3

This is a working minimal example of the problem:

import pandas as pd
example = pd.DataFrame(index=pd.np.arange(2) , columns=['A', 'B', 'C']).astype('object')
example.loc[0] = [['a'], 'b', [1,2,3]]
example.loc[1] = ['a', 'b', [1,2,3]]

I get a ValueError: setting an array element with a sequence

Here is what the DataFrame looks like in spyder: enter image description here

I do not understand why the first element has to be "nested". Why is the second row not working? What am I doing wrong? Please have a look at the second column where 'b' can directly be inserted.


I voted for the answer I personally like best of all three working solutions which were kindly provided. I find it a bit more pythonic then the other answers and additionally it is also the fastest. For a speed comparison please see this post

4 Answers 4

3

You are pushing on the boundaries of Pandas. It isn't good at handling higher level objects. So we have to be careful.

In you case, Pandas doesn't see that it is an array of objects right away and fails when it gets to the sequence.

Work Around

Wrapped in a series object

import pandas as pd
example = pd.DataFrame(index=pd.np.arange(2) , columns=['A', 'B', 'C']).astype('object')
example.loc[0] = [['a'], 'b', [1,2,3]]
example.loc[1] = pd.Series(['a', 'b', [1,2,3]], example.columns)

example

     A  B          C
0  [a]  b  [1, 2, 3]
1    a  b  [1, 2, 3]
3

Pandas isn't designed to hold collections as elements of series.

This is apparent not only in your specific task, but in other pandas functionality too. Sometimes it's a bug, sometimes an unintended consequence, other times intended.

An alternative method works if you do not set your index beforehand:

import pandas as pd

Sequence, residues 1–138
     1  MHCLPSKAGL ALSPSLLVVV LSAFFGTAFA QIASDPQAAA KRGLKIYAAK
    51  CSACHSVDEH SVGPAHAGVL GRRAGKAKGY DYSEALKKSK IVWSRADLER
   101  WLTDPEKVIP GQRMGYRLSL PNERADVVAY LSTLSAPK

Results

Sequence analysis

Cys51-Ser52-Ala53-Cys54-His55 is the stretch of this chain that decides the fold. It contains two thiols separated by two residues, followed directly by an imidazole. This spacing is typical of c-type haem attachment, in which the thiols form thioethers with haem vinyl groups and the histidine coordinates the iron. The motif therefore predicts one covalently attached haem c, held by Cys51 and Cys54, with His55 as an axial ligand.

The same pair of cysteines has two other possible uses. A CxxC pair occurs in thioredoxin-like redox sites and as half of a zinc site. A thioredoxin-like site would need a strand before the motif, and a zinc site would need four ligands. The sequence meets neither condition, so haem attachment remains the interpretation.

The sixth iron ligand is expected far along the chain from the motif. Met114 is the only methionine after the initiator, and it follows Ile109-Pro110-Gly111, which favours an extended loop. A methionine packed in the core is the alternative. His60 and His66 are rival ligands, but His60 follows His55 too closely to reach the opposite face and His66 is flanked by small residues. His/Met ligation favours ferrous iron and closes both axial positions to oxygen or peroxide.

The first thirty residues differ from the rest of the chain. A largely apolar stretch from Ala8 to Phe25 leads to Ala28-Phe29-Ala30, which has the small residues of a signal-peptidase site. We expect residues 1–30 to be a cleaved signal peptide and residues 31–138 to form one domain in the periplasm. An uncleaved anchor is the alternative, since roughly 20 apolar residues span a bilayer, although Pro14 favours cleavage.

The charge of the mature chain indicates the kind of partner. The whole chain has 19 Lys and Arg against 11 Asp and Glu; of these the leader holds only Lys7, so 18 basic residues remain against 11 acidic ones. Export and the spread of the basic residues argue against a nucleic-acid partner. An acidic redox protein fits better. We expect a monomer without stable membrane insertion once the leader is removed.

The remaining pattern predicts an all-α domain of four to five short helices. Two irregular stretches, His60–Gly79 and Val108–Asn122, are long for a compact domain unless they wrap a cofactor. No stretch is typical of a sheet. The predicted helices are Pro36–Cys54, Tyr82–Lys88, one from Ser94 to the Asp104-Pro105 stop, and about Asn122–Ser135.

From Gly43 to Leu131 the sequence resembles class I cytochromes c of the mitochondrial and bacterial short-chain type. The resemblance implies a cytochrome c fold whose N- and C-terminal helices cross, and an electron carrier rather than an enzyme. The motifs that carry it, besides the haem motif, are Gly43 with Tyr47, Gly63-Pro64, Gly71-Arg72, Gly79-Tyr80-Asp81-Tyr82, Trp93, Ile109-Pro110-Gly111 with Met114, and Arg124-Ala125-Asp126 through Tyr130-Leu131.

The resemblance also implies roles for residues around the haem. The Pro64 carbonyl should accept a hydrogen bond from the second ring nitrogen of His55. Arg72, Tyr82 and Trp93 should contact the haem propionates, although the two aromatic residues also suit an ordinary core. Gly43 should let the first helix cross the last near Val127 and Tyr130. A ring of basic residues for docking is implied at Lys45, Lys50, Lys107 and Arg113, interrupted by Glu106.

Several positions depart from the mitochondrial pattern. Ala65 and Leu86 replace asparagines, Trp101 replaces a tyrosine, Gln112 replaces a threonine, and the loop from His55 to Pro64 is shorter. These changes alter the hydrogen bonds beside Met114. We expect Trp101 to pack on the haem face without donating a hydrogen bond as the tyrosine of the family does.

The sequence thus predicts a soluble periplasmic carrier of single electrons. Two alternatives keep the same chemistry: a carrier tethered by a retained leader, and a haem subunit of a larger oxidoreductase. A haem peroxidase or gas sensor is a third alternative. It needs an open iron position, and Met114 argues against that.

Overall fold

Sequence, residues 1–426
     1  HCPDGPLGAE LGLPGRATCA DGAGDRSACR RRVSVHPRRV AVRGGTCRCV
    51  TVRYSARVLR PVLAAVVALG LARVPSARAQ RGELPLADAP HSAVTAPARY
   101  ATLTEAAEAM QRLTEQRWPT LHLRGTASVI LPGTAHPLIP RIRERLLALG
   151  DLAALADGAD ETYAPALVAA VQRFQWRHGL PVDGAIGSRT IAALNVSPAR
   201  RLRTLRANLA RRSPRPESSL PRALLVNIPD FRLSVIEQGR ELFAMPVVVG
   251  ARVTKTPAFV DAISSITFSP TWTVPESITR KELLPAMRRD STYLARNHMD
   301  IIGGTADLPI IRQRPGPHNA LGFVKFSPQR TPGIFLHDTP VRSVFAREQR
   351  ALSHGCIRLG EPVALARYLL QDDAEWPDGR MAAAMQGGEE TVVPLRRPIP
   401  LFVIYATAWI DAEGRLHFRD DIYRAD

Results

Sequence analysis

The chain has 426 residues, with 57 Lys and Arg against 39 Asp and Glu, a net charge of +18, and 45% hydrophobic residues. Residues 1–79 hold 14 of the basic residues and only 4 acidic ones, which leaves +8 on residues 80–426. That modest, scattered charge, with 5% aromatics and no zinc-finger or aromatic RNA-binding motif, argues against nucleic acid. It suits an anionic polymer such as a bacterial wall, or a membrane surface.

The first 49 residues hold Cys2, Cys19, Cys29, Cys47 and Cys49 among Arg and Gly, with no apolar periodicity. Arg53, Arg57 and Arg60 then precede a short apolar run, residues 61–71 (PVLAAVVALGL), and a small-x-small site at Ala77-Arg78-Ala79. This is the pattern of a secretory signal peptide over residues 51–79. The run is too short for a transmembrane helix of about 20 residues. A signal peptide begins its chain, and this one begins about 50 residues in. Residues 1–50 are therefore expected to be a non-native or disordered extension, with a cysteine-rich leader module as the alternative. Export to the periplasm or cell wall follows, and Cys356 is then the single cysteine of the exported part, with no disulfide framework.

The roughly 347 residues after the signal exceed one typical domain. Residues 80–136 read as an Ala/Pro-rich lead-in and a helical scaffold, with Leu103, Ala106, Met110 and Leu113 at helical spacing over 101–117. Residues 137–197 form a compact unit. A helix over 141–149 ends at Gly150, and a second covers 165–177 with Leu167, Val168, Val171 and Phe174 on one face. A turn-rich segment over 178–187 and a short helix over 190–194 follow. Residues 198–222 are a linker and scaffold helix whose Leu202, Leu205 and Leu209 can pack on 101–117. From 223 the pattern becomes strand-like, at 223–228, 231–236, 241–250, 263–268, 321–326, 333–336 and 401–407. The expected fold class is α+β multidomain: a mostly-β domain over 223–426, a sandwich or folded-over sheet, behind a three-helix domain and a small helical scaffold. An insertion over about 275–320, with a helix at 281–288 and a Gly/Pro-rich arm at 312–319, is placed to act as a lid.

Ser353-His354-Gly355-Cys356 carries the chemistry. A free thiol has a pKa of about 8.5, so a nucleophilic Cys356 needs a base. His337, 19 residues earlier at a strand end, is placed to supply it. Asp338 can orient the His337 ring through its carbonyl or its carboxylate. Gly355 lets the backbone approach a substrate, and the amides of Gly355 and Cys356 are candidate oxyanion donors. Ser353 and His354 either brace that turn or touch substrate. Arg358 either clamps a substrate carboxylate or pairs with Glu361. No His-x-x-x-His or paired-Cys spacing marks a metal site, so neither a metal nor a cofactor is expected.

example = pd.DataFrame(columns=['A', 'B', 'C']).astype('object')

example.loc[0] = [['a'], 'b', [1,2,3]]
example.loc[1] = ['a', 'b', [1,2,3]]

print(example)

#      A  B          C
# 0  [a]  b  [1, 2, 3]
# 1    a  b  [1, 2, 3]
1

Pandas doesn't work well with non-scalar data, most of Pandas and Numpy functionalities would be out of reach. A work around to your problem is to avoid using arrays in loc and explicit cell indexing.

example.loc[1, “C”] = [1, 2, 3] #This works

for val, col in zip(['a', 'b', [1,2,3]], example.columns):
    example.loc[1, col] = val
1
  • example.loc[1: 'C'] = [1, 2, 3] #This works I assume you have small typo, so example.loc[1, 'C'] = [1, 2, 3] #This works would be right
    – TimK
    Commented Apr 20, 2018 at 12:12
0

All three answers work! But which is the fastest?

All three provided solutions from piRSquared, jpp, iDrwish work

In my questions I did not ask for a fast solution. Therefore, I just answer this additional part of the question with a timing comparison of all three options. The result of the comparison (code below) is:

Result piRSquared(): 37.966
Result jpp(): 114.580
Result iDrwish(): 154.336

The working Code for the test is:

import pandas as pd
import timeit

rows=5000

def iDrwish():
    example1 = pd.DataFrame(index = pd.np.arange(rows), columns=['A', 'B', 'C']).astype('object')
    for row in range(rows):
        for val, col in zip(['a', 'b', [1,2,3]], example1.columns):
            example1.loc[rows, col] = val


def jpp():
    example2 = pd.DataFrame(columns=['A', 'B', 'C']).astype('object')
    for row in range(rows):
        example2.loc[row] = ['a', 'b', [1,2,3]]


def piRSquared():
    example3 = pd.DataFrame(index = pd.np.arange(rows), columns=['A', 'B', 'C']).astype('object')
    for row in range(rows):
        example3.loc[row] = pd.Series(['a', 'b', [1,2,3]])        


if __name__ == '__main__':
    print('Result piRSquared(): ' + str(timeit.timeit(piRSquared, number = 11)))
    print('Result jpp(): ' + str(timeit.timeit(jpp, number = 11)))
    print('Result iDrwish(): ' + str(timeit.timeit(iDrwish, number = 11)))

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